Tear Collection
Fifty microliters of sterile saline was instilled by a pipette to the inferior cul-de-sac of each eye prior to assessment of meibum quality. Tears were immediately collected by capillary action using a 1-μL microcaps pipette (Drummond Scientific Company, Broomall, PA, USA) applied gently to the temporal margin of the lower eyelid. Each study eye was sampled once. A minimum of 50 μL tears (approximately six disposable micropipettes) was collected and released by bulb dispenser into 1.5-mL Nalgene polypropylene cryogenic vials (Sigma-Aldrich Corp., St Louis, MO, USA). These vials were labeled with de-identified subject codes and immediately placed in a −80°C freezer. 
Laboratory Methodology
Inflammatory and proresolving lipid mediators and specific ω-6 PUFA and ω-3 PUFA pathway markers were identified and quantified by liquid chromatography (LC)-tandem mass spectrometry (MS/MS). In brief, 400 pg class-specific deuterated (-d) internal standards (AA-d8, DHA-d5, PGE2-d4, lipoxin A4-d5, leukotriene B4-d4, 15-hydroxyeicosatetraenoic acid-d8) were added to each tear sample prior to processing to calculate the recovery of specific classes of PUFA, LOX, and COX metabolites. Collected tears (30–50 μL) containing internal standards were combined with 2 mL methanol, dried under a gentle stream of nitrogen, immediately resuspended in high-performance LC mobile, and placed in a refrigerated autosampler for lipidomic analysis. Eicosanoids and docosanoids were identified and quantified by LC-MS/MS–based lipidomics based on published methods.30,38 Processed tear samples were analyzed by a triple-quadrupole linear ion trap LC-MS/MS system (MDS SCIEX 3200 QTRAP; Applied Biosystems, Foster City, CA, USA) equipped with a Kinetex C18 mini-bore column (Phenomenex, Torrance, CA, USA). The mobile phase was a gradient of water/acetonitrile/acetic acid (72:28:0.01, vol:vol:vol) and isopropanol/acetonitrile (60:40, vol:vol) with a 450-μL/min flow rate. Tandem MS/MS analyses were performed in negative ion mode, and prominent fatty acid metabolites were quantified in multiple reaction monitoring mode using established and specific transitions as previously described.30,31,3841 Calibration curves (1–1000 pg) and specific LC retention times for each compound were established with synthetic standards (Cayman Chemical, Ann Arbor, MI, USA). Structures were confirmed for selected autacoids by MS/MS analyses using enhanced product ion mode with appropriate selection of the parent ion in quadrupole 1.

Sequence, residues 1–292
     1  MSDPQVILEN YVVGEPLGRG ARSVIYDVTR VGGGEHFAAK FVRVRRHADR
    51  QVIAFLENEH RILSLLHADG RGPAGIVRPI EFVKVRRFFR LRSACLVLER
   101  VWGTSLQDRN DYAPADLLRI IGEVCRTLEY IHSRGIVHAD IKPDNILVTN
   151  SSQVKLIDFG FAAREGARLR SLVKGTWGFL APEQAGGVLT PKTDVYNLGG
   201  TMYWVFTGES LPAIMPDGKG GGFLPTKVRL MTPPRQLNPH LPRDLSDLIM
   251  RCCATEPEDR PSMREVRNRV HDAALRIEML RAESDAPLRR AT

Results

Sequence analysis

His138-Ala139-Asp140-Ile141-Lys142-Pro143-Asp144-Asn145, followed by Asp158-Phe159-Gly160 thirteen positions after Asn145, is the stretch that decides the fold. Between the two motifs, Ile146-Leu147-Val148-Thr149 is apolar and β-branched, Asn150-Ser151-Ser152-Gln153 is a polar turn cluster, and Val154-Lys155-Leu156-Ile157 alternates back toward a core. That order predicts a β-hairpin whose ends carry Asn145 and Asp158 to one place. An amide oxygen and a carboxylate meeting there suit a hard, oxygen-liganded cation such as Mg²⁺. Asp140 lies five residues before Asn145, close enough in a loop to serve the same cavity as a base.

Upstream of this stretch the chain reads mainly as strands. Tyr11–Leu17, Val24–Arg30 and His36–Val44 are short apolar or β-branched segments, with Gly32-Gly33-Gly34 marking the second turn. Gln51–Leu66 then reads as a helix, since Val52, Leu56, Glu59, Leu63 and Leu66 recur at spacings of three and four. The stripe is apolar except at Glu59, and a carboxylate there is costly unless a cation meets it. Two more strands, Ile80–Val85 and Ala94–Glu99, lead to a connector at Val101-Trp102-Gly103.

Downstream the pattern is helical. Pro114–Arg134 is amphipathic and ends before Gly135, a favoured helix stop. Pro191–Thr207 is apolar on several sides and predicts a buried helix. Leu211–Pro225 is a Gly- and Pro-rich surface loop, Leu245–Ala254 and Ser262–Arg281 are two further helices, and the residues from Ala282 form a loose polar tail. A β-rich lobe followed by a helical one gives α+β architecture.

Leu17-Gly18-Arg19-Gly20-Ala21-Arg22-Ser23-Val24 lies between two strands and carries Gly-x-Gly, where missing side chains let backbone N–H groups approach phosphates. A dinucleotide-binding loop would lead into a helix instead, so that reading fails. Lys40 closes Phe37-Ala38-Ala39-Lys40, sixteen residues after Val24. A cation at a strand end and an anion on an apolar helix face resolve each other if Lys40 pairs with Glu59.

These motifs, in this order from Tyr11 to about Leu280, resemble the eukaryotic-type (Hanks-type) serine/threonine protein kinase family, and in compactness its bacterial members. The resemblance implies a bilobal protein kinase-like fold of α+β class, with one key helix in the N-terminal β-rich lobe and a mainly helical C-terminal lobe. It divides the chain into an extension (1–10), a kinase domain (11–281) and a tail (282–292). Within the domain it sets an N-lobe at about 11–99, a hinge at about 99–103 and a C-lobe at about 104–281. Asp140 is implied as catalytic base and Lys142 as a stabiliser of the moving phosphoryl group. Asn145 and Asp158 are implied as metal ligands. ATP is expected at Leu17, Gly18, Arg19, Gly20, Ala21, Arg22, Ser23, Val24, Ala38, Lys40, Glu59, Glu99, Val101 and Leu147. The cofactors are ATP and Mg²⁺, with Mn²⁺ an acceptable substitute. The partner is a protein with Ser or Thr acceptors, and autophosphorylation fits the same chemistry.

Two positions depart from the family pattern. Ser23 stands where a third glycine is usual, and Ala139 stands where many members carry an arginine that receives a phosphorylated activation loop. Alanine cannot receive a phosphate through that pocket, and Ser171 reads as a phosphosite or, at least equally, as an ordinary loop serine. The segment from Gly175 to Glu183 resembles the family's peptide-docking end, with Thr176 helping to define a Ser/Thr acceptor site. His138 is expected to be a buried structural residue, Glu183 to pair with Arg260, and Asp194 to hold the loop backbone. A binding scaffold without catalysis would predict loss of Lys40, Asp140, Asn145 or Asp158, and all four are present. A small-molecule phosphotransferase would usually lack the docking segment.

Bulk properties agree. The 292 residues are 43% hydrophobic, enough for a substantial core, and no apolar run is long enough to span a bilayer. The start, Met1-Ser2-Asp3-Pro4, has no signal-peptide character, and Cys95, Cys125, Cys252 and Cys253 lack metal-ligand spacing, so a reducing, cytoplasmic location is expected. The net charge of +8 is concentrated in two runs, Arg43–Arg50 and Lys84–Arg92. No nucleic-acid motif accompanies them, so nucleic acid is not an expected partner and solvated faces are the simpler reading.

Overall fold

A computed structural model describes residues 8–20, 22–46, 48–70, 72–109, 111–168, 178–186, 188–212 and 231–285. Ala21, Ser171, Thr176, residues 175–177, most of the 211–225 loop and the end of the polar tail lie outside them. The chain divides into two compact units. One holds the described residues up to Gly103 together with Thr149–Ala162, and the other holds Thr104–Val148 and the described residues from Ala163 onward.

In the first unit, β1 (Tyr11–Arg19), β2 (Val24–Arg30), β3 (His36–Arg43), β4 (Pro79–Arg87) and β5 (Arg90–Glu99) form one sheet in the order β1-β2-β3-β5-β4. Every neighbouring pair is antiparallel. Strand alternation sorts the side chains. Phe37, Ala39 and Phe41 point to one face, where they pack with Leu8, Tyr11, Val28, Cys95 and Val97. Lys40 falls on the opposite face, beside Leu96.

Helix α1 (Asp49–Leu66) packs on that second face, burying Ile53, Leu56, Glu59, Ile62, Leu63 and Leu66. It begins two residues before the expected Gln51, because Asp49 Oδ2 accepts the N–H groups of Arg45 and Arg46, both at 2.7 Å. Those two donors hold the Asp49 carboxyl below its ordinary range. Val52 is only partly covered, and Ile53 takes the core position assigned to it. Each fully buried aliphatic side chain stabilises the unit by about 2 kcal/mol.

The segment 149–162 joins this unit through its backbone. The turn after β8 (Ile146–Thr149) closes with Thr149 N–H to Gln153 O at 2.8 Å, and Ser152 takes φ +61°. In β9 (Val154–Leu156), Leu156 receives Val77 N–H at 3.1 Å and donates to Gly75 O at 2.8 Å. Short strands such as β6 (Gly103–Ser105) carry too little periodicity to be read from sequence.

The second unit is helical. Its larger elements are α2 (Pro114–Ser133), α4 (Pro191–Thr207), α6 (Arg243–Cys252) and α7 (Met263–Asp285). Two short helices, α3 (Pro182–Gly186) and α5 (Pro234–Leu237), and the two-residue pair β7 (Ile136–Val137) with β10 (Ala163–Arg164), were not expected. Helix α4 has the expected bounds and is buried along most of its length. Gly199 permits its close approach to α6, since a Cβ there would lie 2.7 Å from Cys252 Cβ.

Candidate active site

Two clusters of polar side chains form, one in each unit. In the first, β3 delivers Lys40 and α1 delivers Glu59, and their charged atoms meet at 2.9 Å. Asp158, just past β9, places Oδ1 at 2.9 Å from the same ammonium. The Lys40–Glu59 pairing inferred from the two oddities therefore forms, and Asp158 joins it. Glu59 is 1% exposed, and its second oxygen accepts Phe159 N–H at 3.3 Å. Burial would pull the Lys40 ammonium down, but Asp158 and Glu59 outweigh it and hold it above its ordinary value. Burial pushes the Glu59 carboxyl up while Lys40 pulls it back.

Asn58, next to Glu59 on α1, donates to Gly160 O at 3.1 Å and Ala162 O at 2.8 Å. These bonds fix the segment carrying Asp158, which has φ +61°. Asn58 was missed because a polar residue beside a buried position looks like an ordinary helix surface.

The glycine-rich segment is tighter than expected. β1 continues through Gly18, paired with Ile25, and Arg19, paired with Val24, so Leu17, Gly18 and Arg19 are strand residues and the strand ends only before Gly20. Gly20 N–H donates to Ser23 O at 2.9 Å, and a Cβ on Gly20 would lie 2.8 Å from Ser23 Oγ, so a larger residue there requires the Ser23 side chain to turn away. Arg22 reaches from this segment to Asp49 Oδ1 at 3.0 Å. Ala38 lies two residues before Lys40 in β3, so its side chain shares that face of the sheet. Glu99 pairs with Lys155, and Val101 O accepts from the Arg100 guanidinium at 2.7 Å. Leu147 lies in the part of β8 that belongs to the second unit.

Tear samples were analyzed by LC-MS/MS in two batches. In the first batch (N = 21 patients), tear samples from both eyes were analyzed separately, and the results were averaged. In the second batch (N = 20 distinct patients), tear samples from both eyes were pooled and analyzed together. ω-6:ω-3 ratios and PGE2 levels were statistically comparable between the two batches. 
Statistical Analysis
All statistical analyses were performed using SPSS Version 22 (SPSS, Inc., Chicago, IL, USA) statistical package. Analyses included comparison of means (t-test), medians (Mann-Whitney U), and correlations (Pearson and Spearman); P < 0.05 was considered statistically significant. 
Results
Study Population
The study group (N = 41) comprised a racially and ethnically diverse population of late middle-aged and elderly, predominately male, subjects (mean age, 62 years; SD, 11; range, 27–83 years), as described in Table 1. Seventy-one percent of subjects were actively using artificial tears, on average 3.0 ± 1.4 times daily, for an average duration of 36 ± 38 months. Fifty-six percent of patients were taking nonsteroidal anti-inflammatory drugs (NSAIDs), and 20% were taking an ω-3 supplement. Subjects displayed a wide range of symptoms and signs of DE, ranging from none to severe (93% with DEQ5 ≥ 6, 81% with OSDI ≥ 20; 56% with NRS ≥ 4). The majority of subjects had one or more eyelid abnormalities including meibomian gland plugging (78%), a score of 2 or greater on meibum quality (57%), meibomian gland atrophy (44%), and increased eyelid vascularity (10%). A majority of subjects also had evidence of tear dysfunction with TBUT ≤ 8 seconds in 56%, Schirmer < 8 mm in 29%, and osmolarity ≥ 308 mOsm in 28%. 
Table 1
 
Demographic and Clinical Information of Study Population
Table 1
 
Demographic and Clinical Information of Study Population
Mass Spectroscopy
Five principal species, AA, DHA, EPA, PGE2, and hepoxilin A3 (HxA3), were detected in the majority of samples. Arachidonic acid, DHA, EPA, and PGE2 were detected in >90% of samples and HxA3 in 81%. 
Correlations Between Lipid Species
The five principal lipid species were positively correlated with one another (Supplementary Table S1). Associations were strongest between DHA and AA and less strong for the other pairwise comparisons. 
Clinico-Pathologic Correlation